Doctors open talks with Scottish Executive after voting “yes”

BMJ 2002; 325 doi: (Published 09 November 2002) Cite this as: BMJ 2002;325:1053
  1. Bryan Christie
  1. Edinburgh

    Consultants in Scotland have agreed to enter into discussions about implementing the new contract in a historic move that signals the first break up of UK consultants' terms and conditions of service since the NHS was established in 1948.

    The Scottish Committee for Hospital Medical Services decided that the 59% vote in favour of the contract in Scotland was a strong enough mandate toopen discussions with the Scottish Executive on implementing the contract.Talks are to begin immediately with a view to having the new contract in place on 1 April 2003.

    However, the committee wants the new arrangements to be voluntary. It is pursuing an agreement that will allow the 41% of consultants who voted against the contract to stay on their current terms and conditions if they choose to. The committee is also seeking a “no detriment” clause, which would protect the position of Scottish doctors if better terms are agreed over time in other parts of the United Kingdom.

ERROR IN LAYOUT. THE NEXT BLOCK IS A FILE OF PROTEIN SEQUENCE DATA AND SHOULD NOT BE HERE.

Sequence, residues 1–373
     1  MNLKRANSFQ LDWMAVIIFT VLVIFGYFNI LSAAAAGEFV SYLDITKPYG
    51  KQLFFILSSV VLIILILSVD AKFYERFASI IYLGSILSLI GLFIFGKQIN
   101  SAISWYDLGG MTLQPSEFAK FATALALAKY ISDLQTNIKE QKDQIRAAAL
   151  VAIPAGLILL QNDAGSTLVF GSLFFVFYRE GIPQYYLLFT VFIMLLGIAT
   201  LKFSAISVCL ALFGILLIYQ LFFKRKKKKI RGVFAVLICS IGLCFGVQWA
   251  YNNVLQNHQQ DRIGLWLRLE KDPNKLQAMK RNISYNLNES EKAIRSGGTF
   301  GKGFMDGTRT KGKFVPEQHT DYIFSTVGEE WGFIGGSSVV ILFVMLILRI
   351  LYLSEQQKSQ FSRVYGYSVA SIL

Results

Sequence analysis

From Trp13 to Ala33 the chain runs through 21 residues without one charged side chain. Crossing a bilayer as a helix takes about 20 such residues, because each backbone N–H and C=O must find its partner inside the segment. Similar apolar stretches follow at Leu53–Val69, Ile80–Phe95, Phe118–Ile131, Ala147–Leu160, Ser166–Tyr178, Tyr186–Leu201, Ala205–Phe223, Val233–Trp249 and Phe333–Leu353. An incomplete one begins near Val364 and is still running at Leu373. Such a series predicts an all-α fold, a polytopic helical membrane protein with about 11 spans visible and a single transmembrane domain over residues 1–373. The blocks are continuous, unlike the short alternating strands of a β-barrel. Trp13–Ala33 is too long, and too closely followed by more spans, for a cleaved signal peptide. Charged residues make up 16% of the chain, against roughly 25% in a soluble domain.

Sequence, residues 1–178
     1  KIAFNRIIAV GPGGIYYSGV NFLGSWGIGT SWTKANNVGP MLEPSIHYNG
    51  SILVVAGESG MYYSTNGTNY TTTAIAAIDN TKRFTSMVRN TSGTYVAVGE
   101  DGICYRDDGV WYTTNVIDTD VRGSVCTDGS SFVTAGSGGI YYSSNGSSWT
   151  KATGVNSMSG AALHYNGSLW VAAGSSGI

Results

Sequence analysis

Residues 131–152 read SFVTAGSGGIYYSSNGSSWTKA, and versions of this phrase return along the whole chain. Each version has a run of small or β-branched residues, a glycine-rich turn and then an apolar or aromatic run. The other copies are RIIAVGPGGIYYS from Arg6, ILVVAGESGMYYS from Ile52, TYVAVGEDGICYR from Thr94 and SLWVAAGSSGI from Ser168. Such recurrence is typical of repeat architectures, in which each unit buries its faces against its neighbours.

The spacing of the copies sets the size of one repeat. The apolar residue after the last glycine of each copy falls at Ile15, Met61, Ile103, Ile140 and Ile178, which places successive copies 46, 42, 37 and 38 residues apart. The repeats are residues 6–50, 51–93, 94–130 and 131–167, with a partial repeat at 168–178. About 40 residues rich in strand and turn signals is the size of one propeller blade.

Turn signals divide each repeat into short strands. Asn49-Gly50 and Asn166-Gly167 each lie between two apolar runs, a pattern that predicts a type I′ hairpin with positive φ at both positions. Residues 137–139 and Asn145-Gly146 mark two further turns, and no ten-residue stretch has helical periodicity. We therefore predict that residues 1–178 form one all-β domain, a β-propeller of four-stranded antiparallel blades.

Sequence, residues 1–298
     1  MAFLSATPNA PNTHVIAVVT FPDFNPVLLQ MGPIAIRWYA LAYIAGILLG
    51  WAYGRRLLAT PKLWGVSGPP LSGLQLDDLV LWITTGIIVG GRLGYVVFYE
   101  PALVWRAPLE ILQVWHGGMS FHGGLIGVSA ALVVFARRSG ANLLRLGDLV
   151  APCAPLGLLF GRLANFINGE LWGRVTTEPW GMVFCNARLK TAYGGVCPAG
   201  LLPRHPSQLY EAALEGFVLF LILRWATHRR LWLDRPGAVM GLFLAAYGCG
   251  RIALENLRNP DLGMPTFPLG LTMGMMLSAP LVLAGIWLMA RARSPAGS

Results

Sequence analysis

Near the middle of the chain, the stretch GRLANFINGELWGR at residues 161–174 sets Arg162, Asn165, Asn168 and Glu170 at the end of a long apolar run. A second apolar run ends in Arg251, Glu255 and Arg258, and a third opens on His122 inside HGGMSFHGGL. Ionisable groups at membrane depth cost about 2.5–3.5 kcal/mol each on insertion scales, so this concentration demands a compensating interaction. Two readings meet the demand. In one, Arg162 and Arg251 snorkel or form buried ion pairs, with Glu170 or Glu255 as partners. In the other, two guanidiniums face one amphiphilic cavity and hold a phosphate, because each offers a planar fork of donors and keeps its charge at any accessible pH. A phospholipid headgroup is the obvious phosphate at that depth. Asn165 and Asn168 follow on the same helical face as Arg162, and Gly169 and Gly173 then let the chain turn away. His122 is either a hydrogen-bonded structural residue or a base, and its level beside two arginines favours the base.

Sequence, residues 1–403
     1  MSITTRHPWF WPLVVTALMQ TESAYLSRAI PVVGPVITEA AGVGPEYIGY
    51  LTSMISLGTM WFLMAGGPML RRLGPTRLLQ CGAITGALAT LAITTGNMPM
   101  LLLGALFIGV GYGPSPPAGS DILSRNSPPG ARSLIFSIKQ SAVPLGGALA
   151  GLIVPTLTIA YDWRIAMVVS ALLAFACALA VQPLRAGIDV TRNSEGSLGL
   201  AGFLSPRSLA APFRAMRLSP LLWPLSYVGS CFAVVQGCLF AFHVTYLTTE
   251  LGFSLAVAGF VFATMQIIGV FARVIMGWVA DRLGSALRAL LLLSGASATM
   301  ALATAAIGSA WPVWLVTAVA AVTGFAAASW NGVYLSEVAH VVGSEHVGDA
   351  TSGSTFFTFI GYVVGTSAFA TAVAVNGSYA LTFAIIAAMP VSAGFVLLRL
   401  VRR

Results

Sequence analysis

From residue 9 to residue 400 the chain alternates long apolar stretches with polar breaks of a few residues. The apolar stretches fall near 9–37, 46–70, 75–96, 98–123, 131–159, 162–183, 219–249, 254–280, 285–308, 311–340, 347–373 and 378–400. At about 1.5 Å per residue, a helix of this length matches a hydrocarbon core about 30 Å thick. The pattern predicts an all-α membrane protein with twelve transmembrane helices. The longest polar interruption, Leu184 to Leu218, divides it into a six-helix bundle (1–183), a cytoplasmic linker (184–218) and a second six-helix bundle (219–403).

The vote to accept the contract in Scotland is thought to reflect the different conditions that exist in the Scottish NHS. Consultants traditionally have done less private work in Scotland and relationships with managers are generally constructive.

    Dr John Garner, chairman of the BMA's Scottish Council, said: “I believe that the NHS in Scotland increasingly differs from that in England and that Scottish consultants will gain from accepting the contract. We face a difficult time ahead in implementing this contract, but I believe the good relationship we have with the Scottish Executive will facilitate this.”

    Concern exists, however, about the 73% of specialist registrars in Scotland who voted against the contract. If they want to work in Scotland, they will have to accept consultant jobs under the new contract arrangements, and fears have been expressed that this will adversely affect recruitment.

    Dr Garner accepted that negotiators had to take account of all the views of those who voted.

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